Most people don’t consider guinea pigs to be working animals, but Daphne and Sienna are out to change all of that.
At a little more than a year old and weighing less than two pounds each, the two guinea pigs are the newest companion animals for Central Wyoming Hospice and Transitions Program.
“It’s really fun to see the different reactions I’ve gotten,” said owner and volunteer Erin Maggard. “People think it’s either the coolest thing ever or they look at me like I’ve got three heads.”
Maggard herself wasn’t so sure at first.
A longtime hospice supporter, Maggard has spent many hours visiting hospice patients she knows, though not as a formal volunteer. One of her friends who stayed in the Kloefkorn Home loved having the volunteer dogs visit, but as her illnees progressed, it became more and more difficult to pet the dogs.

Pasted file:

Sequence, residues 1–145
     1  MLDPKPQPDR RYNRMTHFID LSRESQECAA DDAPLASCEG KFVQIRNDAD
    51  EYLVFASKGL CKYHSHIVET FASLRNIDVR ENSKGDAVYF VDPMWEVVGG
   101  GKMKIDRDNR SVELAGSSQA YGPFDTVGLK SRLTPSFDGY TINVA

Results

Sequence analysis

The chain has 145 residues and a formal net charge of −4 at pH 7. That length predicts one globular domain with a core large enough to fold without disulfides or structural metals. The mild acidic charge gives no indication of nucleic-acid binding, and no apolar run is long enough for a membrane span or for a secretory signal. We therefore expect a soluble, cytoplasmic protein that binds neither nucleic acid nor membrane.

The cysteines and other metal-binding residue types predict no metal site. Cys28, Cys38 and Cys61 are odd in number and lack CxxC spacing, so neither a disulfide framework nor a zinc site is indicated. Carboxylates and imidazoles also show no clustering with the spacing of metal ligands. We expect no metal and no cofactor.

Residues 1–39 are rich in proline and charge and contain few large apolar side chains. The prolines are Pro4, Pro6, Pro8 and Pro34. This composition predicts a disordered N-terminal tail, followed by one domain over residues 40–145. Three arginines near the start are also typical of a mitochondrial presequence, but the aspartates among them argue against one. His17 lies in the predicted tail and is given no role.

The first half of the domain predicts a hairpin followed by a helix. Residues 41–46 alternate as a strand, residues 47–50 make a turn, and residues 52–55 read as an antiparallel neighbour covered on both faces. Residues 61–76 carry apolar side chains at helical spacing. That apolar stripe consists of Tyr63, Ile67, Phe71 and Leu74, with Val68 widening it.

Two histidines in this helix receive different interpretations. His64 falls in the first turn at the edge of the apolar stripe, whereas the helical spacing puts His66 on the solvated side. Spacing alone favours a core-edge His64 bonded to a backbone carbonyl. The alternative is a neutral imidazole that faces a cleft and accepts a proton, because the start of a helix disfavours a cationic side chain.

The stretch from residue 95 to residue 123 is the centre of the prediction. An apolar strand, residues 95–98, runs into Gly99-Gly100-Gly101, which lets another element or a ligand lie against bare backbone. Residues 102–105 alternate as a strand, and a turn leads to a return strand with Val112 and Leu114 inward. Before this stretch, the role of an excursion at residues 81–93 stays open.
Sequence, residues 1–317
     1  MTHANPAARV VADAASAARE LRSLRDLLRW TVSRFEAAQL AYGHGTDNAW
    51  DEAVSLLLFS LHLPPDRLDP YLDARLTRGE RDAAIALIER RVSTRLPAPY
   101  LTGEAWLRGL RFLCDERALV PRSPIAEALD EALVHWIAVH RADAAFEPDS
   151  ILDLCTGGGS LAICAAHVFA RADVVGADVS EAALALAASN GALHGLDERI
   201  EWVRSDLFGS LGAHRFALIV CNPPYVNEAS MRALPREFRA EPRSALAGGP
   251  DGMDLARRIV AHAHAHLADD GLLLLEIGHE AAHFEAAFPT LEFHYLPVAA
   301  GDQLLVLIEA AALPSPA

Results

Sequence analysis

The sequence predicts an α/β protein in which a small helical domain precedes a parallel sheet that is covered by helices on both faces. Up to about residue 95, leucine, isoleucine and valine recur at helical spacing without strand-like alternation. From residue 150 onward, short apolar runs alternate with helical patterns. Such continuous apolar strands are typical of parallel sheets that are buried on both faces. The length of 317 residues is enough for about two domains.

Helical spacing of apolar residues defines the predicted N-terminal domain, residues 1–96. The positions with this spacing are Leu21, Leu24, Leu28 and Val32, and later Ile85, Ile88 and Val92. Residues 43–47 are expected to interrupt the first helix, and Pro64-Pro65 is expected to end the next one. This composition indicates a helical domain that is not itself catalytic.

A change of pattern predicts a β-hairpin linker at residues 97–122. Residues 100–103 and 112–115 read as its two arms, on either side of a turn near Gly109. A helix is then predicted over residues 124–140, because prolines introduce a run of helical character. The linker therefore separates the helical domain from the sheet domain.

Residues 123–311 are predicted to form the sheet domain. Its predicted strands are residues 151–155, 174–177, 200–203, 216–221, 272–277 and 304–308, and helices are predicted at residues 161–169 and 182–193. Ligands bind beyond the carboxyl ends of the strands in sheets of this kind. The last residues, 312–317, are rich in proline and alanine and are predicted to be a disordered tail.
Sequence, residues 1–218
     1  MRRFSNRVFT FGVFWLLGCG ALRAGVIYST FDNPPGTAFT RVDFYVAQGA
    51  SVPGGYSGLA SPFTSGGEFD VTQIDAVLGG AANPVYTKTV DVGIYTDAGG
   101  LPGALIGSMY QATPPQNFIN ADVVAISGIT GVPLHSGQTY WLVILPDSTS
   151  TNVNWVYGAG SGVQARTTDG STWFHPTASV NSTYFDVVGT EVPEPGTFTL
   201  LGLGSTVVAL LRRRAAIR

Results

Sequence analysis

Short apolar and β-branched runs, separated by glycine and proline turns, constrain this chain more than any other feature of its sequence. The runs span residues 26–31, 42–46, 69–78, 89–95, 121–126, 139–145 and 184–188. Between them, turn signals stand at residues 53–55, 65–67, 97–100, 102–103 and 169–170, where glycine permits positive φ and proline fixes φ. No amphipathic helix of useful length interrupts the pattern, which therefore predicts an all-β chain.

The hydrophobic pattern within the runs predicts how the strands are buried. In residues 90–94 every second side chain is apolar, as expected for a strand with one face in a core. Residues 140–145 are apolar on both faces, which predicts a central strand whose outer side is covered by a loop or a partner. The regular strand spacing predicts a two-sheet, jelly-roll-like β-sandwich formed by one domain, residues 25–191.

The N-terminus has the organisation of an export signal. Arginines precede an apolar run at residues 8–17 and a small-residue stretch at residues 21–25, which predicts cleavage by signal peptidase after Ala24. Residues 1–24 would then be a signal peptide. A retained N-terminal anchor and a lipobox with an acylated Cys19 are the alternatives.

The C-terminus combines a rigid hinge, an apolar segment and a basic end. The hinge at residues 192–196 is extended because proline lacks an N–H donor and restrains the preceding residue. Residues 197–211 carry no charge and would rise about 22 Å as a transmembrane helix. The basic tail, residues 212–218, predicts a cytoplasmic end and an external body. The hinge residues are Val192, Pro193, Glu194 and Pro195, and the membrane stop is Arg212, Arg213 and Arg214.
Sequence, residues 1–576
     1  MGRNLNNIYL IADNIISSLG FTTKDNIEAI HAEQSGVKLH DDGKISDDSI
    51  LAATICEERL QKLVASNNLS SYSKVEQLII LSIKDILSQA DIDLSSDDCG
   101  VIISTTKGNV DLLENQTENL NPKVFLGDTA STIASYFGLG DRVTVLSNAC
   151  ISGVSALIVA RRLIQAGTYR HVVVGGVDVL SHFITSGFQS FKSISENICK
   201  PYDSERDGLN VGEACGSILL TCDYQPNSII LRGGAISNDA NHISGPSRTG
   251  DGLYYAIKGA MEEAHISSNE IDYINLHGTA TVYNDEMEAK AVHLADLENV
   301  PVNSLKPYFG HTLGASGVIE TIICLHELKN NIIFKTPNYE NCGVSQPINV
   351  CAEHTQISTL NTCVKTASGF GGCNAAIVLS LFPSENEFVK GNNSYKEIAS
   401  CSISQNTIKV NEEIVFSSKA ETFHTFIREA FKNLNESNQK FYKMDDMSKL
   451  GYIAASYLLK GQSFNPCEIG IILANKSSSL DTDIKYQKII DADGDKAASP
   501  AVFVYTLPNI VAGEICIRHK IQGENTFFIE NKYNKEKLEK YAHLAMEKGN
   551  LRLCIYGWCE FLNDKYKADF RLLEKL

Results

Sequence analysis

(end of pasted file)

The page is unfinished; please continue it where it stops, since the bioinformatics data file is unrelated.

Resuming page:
Maggard asked the friend’s daughter if she would enjoy a visit from the guinea pigs and the daughter agreed. The guinea pigs visited the Kloefkorn Home two or three times a week for about a month and they were on hand when Maggard’s friend died.
“They are so light so we could set them on her stomach,” Maggard said. “(My friend) appeared to be unconscious, but every once in awhile, you’d see her fingers moving in their fur.”
CWHTP Bereavement Coordinator Amy Fitzpatrick said that with illness, people lose not only the ability to take care of themselves, but also their pets.
“These little critters are able to provide that connection to animals,” she said.
Maggard is looking forward to the many trips she will be making to the hospice homes with the guinea pigs in their “working” basket.
“I am really confident in our girls,” Maggard said. “These two are so gentle and lovable.”